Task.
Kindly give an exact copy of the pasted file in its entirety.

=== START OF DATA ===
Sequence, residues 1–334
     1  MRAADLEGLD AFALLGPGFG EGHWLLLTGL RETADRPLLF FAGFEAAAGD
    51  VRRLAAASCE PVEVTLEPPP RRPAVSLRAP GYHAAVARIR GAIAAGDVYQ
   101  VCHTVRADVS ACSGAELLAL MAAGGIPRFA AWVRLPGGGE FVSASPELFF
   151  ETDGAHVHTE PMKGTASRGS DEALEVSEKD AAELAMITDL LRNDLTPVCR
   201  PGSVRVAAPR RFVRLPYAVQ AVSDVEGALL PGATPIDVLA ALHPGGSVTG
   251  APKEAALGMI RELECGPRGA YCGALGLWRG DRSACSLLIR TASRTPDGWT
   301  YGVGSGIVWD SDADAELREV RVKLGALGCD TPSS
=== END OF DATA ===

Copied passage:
Sequence, residues 1–334
     1  MRAADLEGLD AFALLGPGFG EGHWLLLTGL RETADRPLLF FAGFEAAAGD
    51  VRRLAAASCE PVEVTLEPPP RRPAVSLRAP GYHAAVARIR GAIAAGDVYQ
   101  VCHTVRADVS ACSGAELLAL MAAGGIPRFA AWVRLPGGGE FVSASPELFF
   151  ETDGAHVHTE PMKGTASRGS DEALEVSEKD AAELAMITDL LRNDLTPVCR
   201  PGSVRVAAPR RFVRLPYAVQ AVSDVEGALL PGATPIDVLA ALHPGGSVTG
   251  APKEAALGMI RELECGPRGA YCGALGLWRG DRSACSLLIR TASRTPDGWT
   301  YGVGSGIVWD SDADAELREV RVKLGALGCD TPSS